INSTITUTION USING SLÁMA PRESS
ART COLLEGES AND UNIVERSITIES IN THE CZECH REPUBLIC
Academy of Arts, Architecture and Design in Prague
Academy of Fine Arts in Prague
University of Ostrava
University of West Bohemia in Pilsen
Masaryk University in Brno
Jan Evangelista Purkyně University in Ústí nad Labem
Tomáš Baťa University in Zlín
Art Design Institute in Prague
ART COLLEGES ABROAD
Art Academy in Banská Bystrica, Slovakia
Matej Bela University in Banská Bystrica, Slovakia
Akademie der bildenden Kunste Wien, Austria
Universitat fur angewandte Kunst Wien, Austria
Hochschule fur bildende Kunste Hamburg, Germany
Westhoekaacademie, Koksijde, Belgium
Academi Beeldende Kunst, Belgium
Scholengroep Brusel, Belgium
GALLERY, ORGANIZATION, INSTITUTION AND WORKSHOPS
National Museum, Prague
National Gallery, Prague
Postal Museum, Prague
Gellery Hollar, Prague
Regional Gallery of Vysočina in Jihlava
Retirement Home in Mšeno
Brno City Museum
Trnka Bookbindery in Pilsen
and many others
Our most numerous customers are secondary and elementary art schools, elementary and nursery schools with extended teaching of arts. It is individual graphic artists, however, that are among our most numerous customers, both beginners as well as those with rich artistic experience.
The Slama Hand Printing Press used to create a record-breaking print
The Slama Hand Press has been used by teachers and students of Art School Mšeno (Czech Republic) to create a record-breaking 116 square-metre print. Printed on canvas using laminated boards a total of 560 matrices were used. “The hand press faced the challenge with great success while withstanding enormous pressure in the process”, said Head of the Art School Čeněk Hlavatý praising the hand press.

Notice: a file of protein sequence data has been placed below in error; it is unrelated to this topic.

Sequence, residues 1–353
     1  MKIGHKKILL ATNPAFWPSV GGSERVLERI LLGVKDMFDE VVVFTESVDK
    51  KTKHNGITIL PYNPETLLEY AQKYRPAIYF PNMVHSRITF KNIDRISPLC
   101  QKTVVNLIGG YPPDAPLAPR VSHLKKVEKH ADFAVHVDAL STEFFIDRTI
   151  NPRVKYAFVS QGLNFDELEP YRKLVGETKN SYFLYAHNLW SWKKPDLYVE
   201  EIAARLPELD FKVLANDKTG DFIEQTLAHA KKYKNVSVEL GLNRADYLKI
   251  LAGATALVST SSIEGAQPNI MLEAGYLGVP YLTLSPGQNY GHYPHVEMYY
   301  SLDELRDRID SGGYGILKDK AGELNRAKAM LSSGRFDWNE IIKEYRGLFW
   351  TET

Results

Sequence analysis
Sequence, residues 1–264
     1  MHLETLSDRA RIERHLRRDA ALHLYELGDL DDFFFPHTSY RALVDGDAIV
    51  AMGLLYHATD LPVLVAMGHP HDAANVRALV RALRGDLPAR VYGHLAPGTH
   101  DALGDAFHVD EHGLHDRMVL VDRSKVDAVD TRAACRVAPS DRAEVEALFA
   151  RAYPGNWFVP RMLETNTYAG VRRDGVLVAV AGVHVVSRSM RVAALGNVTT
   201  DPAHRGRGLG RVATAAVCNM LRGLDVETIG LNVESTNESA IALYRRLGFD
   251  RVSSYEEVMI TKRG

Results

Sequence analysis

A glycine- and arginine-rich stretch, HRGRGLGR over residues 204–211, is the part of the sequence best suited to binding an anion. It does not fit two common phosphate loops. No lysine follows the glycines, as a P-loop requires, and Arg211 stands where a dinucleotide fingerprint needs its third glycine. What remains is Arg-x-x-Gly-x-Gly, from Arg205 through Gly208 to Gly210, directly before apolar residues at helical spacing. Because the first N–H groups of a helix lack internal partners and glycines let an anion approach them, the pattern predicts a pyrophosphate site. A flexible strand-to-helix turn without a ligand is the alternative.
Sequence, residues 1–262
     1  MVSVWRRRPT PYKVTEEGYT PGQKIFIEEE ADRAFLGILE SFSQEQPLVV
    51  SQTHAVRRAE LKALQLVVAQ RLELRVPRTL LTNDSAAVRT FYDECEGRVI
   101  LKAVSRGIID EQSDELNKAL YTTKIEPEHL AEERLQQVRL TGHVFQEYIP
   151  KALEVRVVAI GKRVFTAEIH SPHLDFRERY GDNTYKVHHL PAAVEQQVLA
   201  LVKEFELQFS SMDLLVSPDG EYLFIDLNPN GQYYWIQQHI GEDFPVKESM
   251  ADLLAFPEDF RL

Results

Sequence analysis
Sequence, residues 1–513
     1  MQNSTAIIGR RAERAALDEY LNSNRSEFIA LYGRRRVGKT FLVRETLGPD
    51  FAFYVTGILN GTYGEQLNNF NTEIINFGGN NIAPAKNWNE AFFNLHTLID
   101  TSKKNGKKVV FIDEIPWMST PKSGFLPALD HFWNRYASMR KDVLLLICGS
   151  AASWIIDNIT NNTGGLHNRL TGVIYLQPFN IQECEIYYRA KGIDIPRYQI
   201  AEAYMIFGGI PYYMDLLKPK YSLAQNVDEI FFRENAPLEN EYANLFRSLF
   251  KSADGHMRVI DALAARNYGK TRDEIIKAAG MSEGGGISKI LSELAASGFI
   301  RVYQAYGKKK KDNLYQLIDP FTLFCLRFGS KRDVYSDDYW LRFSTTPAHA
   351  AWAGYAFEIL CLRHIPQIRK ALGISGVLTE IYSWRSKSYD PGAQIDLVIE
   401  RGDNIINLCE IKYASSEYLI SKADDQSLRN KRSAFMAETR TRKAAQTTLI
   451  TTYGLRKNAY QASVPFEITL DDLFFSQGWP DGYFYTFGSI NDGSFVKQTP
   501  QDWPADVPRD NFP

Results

The print was included in the Czech Book of Records in June 2018.
FROM THE MEDIA
Review of SLÁMA PRESS in Pressing Matters / January, 2020, issue 10 / more: here
TV Vysočina, the reportage from the exhibition and workshop, 2017, more: here
WROTE ABOUT US
When the tool developed by Miloš Sláma appeared on the market with printing tools I did not hesitate too long before purchasing it. My printing technique is relief printing. I print my linocuts solely by hand from a single matrix which is gradually cut. Up to now I have used classic bookbinding bone folders or my own stainless steel folder. Some time ago I bought a Japanese baren for printing wood engravings. The principle of its modern-day design variant lies in creating pressure through hundreds of tiny balls in a flat disc. In principle, the tool works perfectly, however, as I soon found out it is best for printing on paper of smaller grammage. When I use the usual 250g paper sheets for linocuts, the balls are just too tiny to press sufficiently through the paper of higher grammage. It was necessary to use an additional bookbinding folder in order to achieve a perfect impression, especially with large areas.
I was therefore pleased to welcome the new opportunity for work with linocut offered by the “printing press” designed by Miloš Sláma. The principle of transferring the pressure through rolling steel balls is similar, but here the entire disc rotates too in which the balls are placed. When moving the tool on paper the trajectories of ball pressure spontaneously move and thicken until a perfectly continuous imprinted surface is created. The balls used are big enough to press “through” paper of higher grammage. I have used both variants on offer. The smaller disc has a pear-shaped grip which rests easily against the palm of hand. The hand can thus exercise pressure perpendicular to the surface of the press.